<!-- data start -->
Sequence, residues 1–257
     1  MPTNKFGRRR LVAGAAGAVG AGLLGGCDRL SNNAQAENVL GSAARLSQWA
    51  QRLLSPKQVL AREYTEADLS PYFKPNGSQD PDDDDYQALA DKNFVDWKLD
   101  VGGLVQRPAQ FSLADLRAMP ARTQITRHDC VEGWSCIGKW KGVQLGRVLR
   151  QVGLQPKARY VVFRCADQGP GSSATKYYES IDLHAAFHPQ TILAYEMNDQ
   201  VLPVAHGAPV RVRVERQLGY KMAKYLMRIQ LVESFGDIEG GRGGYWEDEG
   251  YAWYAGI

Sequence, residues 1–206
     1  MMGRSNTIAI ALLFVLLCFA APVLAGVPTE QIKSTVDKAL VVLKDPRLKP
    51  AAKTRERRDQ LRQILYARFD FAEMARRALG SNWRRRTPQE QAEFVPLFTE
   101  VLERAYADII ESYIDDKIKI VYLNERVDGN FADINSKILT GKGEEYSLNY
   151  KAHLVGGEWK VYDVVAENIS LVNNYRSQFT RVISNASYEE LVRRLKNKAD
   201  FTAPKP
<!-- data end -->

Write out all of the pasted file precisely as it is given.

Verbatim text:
Sequence, residues 1–257
     1  MPTNKFGRRR LVAGAAGAVG AGLLGGCDRL SNNAQAENVL GSAARLSQWA
    51  QRLLSPKQVL AREYTEADLS PYFKPNGSQD PDDDDYQALA DKNFVDWKLD
   101  VGGLVQRPAQ FSLADLRAMP ARTQITRHDC VEGWSCIGKW KGVQLGRVLR
   151  QVGLQPKARY VVFRCADQGP GSSATKYYES IDLHAAFHPQ TILAYEMNDQ
   201  VLPVAHGAPV RVRVERQLGY KMAKYLMRIQ LVESFGDIEG GRGGYWEDEG
   251  YAWYAGI

Sequence, residues 1–206
     1  MMGRSNTIAI ALLFVLLCFA APVLAGVPTE QIKSTVDKAL VVLKDPRLKP
    51  AAKTRERRDQ LRQILYARFD FAEMARRALG SNWRRRTPQE QAEFVPLFTE
   101  VLERAYADII ESYIDDKIKI VYLNERVDGN FADINSKILT GKGEEYSLNY
   151  KAHLVGGEWK VYDVVAENIS LVNNYRSQFT RVISNASYEE LVRRLKNKAD
   201  FTAPKP